Archive for October, 2012

Fish Shack Chowder

Wednesday, October 31st, 2012


In the great tradition of barn-raising, volunteers in Lanesville have been assembling every Saturday morning since last spring in Lanescove to renovate The Fish Shack, one of the many fish houses that once lined the edges of the cove.   And, in the great tradition of community barn-raising, they needed lunch.



(“They’re called fish houses!” journalist Barbara Erkkila insists. The artists who arrived in Gloucester to paint the quaint harbor settings began calling them “shacks.”)

According to Nancy Gaines of the Gloucester Times, some of the Cape Ann fish houses date back two hundred years.  Some were constructed with materials from old shipwrecks.  The Lanescove Fish Shack is thought to be approximately 125 years old.  That was almost a finality when the City of Gloucester condemned the building, for years unloved, in June, 2011.  Still, when a December, 2010 storm lashed a great chunk out of the Lanescove seawall, toppling many tons of granite block, the Fish Shack stood, probably because the building was so riddled with holes that wind and seawater ran through it like a strainer.

In 2011 some Lanesville citizens rallied together, and petitioned the city to preserve this totem to bountiful fishing years, this nod to the grace of simple New England architecture, this Lanesville motif.

For a sum of $80,000, the group secured $20,000 in Community Preservation Funds, $3,000 from the Waterways Board, and $26,000 in private donations.  The difference has been finished in donated labor and materials, like the rough-hewn Lanesville forest lumber from Peter Natti’s sawmill.


Since last spring – or since Kyle Conant saw the crew working really hard and decided to order them pizzas –  generous lunch providers have come through.

Barbara Jobe, one of the instrumental figures in the “Save Our Shack” team, is loosely in charge of scheduling the Fish Shack lunches.  There has been three-bean chili with chicken, lentil soup with chicken, gazpacho on a hot summer day, pots of chowder, Smokin’ Jims pulled pork, Plum Cove Grind sandwiches, banana bread, brownies, carrot cake cupcakes, and something called “Milk Bread,” about which I’m dying to know more.

Some people order pizzas; some order sandwiches; everyone gets the community spirit of the whole thing, and wants to do what ever they can to help.

The Lanesville Bluefish Tournament even pitched together and gave $300 to the Fish Shack volunteers, money which has been escrowed into the official morning coffee fund.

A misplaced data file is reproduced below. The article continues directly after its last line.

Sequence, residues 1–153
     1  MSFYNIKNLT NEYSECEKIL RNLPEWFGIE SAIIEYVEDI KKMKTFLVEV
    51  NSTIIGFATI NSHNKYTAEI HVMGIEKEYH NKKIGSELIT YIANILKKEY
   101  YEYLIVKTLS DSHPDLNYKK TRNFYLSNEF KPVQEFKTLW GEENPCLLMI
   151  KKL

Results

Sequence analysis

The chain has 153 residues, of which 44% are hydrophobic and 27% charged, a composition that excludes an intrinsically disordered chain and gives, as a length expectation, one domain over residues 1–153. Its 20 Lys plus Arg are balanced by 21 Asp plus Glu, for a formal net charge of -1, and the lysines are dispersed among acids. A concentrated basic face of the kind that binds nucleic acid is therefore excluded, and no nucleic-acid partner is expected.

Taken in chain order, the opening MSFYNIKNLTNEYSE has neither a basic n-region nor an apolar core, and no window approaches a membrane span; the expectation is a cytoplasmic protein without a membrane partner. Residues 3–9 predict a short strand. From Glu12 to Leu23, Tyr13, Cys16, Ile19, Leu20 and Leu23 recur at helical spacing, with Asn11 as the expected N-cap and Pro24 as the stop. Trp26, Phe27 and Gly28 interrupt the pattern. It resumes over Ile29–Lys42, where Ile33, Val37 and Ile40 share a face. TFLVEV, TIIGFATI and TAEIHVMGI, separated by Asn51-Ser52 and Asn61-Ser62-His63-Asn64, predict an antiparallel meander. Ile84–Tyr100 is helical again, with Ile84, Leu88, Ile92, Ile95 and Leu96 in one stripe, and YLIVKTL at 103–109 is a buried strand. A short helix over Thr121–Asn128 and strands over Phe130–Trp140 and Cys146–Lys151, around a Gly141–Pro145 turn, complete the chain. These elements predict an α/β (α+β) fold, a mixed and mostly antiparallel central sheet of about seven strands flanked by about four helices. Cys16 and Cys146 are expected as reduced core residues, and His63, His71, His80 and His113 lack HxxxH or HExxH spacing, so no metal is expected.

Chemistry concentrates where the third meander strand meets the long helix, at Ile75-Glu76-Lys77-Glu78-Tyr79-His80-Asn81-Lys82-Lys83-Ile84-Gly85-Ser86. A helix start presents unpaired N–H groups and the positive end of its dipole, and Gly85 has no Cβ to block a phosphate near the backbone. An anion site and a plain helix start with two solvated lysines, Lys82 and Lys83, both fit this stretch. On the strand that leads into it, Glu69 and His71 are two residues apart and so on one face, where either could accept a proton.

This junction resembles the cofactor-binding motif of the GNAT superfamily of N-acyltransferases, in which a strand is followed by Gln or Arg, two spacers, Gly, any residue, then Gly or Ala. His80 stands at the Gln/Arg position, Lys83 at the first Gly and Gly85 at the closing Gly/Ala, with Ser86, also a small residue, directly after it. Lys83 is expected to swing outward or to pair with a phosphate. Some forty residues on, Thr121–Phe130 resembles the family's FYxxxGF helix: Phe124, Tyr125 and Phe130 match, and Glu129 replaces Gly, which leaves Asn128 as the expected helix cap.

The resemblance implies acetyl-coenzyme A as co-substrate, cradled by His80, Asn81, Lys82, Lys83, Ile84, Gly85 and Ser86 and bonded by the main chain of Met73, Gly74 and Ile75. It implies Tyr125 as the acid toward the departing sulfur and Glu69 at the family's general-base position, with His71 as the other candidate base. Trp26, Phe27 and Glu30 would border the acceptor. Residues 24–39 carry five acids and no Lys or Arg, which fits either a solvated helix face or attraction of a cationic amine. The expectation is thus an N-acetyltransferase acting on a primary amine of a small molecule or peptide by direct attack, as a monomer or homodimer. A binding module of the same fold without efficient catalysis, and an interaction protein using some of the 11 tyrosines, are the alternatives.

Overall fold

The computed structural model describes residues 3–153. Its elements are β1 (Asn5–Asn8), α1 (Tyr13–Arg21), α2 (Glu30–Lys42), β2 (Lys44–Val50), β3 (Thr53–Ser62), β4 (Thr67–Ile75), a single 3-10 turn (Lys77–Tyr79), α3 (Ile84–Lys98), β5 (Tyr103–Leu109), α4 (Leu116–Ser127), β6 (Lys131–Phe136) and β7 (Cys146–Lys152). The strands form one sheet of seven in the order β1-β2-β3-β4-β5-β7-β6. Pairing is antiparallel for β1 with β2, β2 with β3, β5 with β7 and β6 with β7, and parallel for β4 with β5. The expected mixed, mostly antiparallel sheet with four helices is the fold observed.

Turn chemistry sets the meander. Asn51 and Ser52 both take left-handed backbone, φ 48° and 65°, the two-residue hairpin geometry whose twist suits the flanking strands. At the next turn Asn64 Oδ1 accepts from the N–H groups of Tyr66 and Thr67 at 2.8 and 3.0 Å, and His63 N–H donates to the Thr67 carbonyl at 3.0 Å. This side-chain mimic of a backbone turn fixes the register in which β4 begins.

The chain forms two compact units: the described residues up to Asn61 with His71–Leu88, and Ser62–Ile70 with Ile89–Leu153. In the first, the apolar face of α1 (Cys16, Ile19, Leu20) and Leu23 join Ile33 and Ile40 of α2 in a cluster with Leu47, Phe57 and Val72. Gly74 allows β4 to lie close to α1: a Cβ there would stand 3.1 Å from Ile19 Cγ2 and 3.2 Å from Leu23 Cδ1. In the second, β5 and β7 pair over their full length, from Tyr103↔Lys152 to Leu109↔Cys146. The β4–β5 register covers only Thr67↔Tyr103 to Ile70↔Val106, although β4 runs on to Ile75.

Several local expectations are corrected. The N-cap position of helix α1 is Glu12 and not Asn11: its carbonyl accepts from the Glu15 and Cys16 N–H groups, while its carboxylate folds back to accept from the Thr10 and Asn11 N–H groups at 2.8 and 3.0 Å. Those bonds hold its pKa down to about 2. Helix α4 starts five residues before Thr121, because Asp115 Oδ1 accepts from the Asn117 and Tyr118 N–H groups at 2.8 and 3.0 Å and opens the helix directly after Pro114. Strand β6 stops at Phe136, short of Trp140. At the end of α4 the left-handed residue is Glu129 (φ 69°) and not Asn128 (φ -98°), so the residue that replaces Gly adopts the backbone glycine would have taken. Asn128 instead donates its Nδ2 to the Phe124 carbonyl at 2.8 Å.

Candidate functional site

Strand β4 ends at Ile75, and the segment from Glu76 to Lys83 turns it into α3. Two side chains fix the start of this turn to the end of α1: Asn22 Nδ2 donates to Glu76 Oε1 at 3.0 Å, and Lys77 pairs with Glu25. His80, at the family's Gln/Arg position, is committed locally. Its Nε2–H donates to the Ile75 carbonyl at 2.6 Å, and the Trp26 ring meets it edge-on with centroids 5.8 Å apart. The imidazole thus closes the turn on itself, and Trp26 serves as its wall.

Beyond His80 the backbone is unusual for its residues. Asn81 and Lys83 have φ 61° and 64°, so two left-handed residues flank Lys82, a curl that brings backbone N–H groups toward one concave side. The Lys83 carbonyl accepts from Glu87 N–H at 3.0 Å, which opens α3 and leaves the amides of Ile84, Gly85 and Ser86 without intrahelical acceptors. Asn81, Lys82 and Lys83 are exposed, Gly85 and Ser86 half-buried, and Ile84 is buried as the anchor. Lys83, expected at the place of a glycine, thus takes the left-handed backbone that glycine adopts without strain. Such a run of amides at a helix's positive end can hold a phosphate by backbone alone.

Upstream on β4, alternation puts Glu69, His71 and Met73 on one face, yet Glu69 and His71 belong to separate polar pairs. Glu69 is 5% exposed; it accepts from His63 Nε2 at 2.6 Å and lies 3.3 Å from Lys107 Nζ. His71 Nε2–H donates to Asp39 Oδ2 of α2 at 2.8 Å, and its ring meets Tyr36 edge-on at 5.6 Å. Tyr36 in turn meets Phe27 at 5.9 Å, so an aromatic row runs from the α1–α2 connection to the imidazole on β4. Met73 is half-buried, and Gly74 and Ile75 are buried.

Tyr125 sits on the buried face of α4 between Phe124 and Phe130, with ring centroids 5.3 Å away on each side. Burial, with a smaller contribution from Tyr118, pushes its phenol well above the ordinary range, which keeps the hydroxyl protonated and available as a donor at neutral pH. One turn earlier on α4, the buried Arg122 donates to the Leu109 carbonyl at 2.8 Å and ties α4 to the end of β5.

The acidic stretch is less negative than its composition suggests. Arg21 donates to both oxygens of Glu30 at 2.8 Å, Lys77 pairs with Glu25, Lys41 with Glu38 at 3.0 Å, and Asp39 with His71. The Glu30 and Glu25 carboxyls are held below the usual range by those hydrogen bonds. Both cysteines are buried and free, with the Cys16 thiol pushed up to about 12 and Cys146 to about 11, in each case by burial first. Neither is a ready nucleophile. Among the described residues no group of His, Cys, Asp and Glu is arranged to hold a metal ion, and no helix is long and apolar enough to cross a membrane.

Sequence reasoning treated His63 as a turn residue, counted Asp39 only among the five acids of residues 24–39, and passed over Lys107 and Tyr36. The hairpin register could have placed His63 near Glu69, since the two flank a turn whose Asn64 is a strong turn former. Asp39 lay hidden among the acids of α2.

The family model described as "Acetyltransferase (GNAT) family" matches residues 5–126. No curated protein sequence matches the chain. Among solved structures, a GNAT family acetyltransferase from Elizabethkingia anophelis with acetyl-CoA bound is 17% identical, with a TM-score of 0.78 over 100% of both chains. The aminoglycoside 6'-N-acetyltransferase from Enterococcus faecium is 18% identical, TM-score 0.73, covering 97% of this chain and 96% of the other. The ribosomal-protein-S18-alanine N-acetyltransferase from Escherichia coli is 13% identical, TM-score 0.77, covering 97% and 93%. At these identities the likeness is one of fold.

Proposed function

I understand that Brian Church made the crew the best Fish Shack Chowder Ever, a thick creamy stew mounded with scallops, clams, shrimp, and great hunks of lobster.


My Saturday morning effort was a humbler chowder, served with pumpkin biscuits and the New England-branded Joe Frogger cookies.  Since Brian Church is keeping his recipe secret, I’m offering you mine, which doesn’t have lobster and scallops but is easy to throw together for a crowd on a hectic Saturday morning and, with the addition of clove, dill, and vermouth, makes a Yankee staple just a little bit sophisticated, just like Lanesville.  Joe Frogger blog and recipe coming soon.


You, too, could feed this happy crew!  Contact Barbara Jobe at



Lastly, while I was serving lunch, we all noted one more Fish Shack in Lanescove that might need saving:


Fish Shack Chowder


serves 6


2 pounds haddock or cod fillets

2 medium potatoes, peeled and sliced

3 tablespoons parsley chopped

2 1/2 teaspoons salt

4 whole cloves

1 garlic clove peeled and crushed

3 medium Bermuda onions, sliced

1/2 cup butter

1/4 tsp. dried dill

1/4 tsp. white pepper

1/2 cup dry white wine or vermouth

2 cups boiling water

2 cups light cream



Preheat oven to 375 degrees.

Put all ingredients, except cream, into a 6 quart casserole.  Cover and bake for one hour.  Heat cream to scalding and add to chowder.  Stir to break up fish.








Quince Pudding

Tuesday, October 23rd, 2012



Quince (Cydonia oblonga) are a fruit that most people on this side of the Atlantic at best consider old fashioned, at worst don’t notice at all.  They are loved by the French, mostly for jam and tarte tatin, but I just learned that quince were once equally adored in my own neighborhood, Folly Cove in Gloucester.  This recipe, discovered in an old Lanesville Cookbook on loan to me from Dona Shea, is certainly a local woman’s simple version of what to do with the heavenly scented yellow fruits growing in her back yard.  Having made my share of quince tarte tatin, I think this Folly Cove version – with meringue-like levity – the very best stage for the singular honey and jasmine fragrance of quince.


Unsolicited, quince have been working their way into my life for years.

My mother planted her first quince tree years ago; I was 20-something and not interested one bit in the seedling fruit tree with a short, cute name. I didn’t know what a quince was, and didn’t care.  I was twenty-something, and much more interested in the history of modern Art.